By Stephen Few. September 19th, 2019 at 12:46 pm


I understand and agree with the rationale that you just explained for making PDF versions of my books available to people whose sight is only partially impaired. If an enlarged version of a visualization makes it possible for them to see the image clearly enough, then a PDF is useful. I’ve always happily provided PDFs of my books for students with such a disability. I support what’s useful but resist nonsense.

By Kenneth Tyler. December 2nd, 2019 at 2:35 pm

Braille graphs? I know work has been done on translating visual images to a grid of sensors implanted in a person’s back, and this allows the blind to “see” the visual imput to the grid. I think it would be an interesting experiment to get some blind people to participate in.

By Stephen Few. December 2nd, 2019 at 5:53 pm

Hello Kenneth,

I’ve never heard of this research. If you have a link to information about this, please share it with us. I’m finding it hard to imagine how a grid of sensors implanted in a person’s back could simulate the perception of anything but an extremely crude image.

By Jessica. January 28th, 2020 at 6:03 pm

I am also familiar with the research Kenneth mentioned; these are some examples of the research I was able to find:

– A wearable haptic navigation guidance system (Ertan, Lee, Willets, Tan, & Pentland, 1998)

– Human Spatial Navigation via a Visuo-Tactile Sensory Substitution System (Segond, Weiss, & Sampaio, 2005)

– Tactile Sensory Substitution Studies (Bach y Rita, 2004)
[This last one is more of a review / overview]

A lot of visuo-tactile substitution research seems to be focused on wayfinding/navigation, so signalling direction and obstacles or objects (dynamic and static) has been a large part of what these devices seek to achieve.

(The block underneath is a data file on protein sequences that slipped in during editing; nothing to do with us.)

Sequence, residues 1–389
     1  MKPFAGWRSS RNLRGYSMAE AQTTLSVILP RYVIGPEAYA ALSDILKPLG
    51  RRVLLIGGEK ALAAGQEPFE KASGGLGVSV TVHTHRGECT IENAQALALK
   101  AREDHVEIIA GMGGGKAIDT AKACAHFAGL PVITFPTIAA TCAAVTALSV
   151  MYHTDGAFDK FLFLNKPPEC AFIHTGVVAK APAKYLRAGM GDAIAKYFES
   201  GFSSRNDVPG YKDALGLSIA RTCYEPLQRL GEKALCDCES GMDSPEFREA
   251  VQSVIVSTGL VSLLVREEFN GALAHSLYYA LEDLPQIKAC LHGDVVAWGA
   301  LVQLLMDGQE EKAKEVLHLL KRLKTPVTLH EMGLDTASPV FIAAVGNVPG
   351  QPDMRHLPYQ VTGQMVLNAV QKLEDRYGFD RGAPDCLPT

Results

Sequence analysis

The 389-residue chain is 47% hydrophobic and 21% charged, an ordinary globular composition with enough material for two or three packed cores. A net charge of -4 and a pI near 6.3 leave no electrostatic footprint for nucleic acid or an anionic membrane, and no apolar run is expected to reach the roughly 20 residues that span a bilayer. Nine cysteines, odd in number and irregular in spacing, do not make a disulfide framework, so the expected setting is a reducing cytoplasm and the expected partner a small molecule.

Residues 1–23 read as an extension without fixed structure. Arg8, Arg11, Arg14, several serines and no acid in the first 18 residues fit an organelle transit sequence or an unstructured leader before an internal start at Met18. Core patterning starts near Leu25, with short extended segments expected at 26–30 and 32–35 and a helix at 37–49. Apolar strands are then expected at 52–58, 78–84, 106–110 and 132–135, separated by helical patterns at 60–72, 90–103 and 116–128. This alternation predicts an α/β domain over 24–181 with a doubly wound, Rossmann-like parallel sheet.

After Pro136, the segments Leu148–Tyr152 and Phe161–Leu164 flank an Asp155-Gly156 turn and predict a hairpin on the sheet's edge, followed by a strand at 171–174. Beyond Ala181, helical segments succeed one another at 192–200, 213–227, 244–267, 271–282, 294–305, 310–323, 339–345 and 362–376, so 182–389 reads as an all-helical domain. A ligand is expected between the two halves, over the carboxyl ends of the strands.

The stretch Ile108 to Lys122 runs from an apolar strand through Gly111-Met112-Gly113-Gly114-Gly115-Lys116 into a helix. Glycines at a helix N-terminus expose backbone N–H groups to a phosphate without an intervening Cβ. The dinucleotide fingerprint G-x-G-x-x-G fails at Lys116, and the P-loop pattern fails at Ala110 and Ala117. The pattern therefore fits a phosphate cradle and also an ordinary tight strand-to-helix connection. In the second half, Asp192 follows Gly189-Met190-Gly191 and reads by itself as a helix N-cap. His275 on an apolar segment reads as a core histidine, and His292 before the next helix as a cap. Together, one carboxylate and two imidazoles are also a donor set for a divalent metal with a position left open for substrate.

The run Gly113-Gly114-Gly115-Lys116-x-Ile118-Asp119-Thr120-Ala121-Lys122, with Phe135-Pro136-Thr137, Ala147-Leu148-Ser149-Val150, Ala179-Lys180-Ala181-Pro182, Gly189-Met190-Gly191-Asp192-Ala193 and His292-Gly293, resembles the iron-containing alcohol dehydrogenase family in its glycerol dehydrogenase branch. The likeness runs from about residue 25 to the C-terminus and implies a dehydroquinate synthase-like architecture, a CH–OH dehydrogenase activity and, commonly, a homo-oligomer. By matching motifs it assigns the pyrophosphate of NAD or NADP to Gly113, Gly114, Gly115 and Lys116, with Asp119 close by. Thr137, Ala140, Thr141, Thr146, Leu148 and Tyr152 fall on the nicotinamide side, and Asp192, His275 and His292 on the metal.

While there are hard limits with fidelity of haptic input, I could imagine some form of “augmented reality” style of tactile visualisation, where a user could navigate a digitised visualisation through gesture/mouse-over/etc. and receive a stream of haptic feedback corresponding to the location that they are ‘touching’ on the viz. Vibration/pulse amplitude, duration, and frequency can be used to signal different variables, and you could theoretically ‘trace’ lines and such. Auditory input (sonification) could further augment such experiences.

It would never be able to fully replace visual input for data visualisation (especially the more complex the viz), and it would take a lot of work to make it viable for widespread use. But I find the possibilities interesting/exciting to consider.

By Stephen Few. January 30th, 2020 at 11:04 am


I find it difficult to imagine haptic devices functioning effectively for anything but simple data visualizations. The fact that none of the research studies that you cited have been done in the last 15 years, paired with the fact that I’m not aware of anyone actually using haptic devices as a substitute for data visualization outside of a research study, suggest that this research hasn’t produced a viable alternative.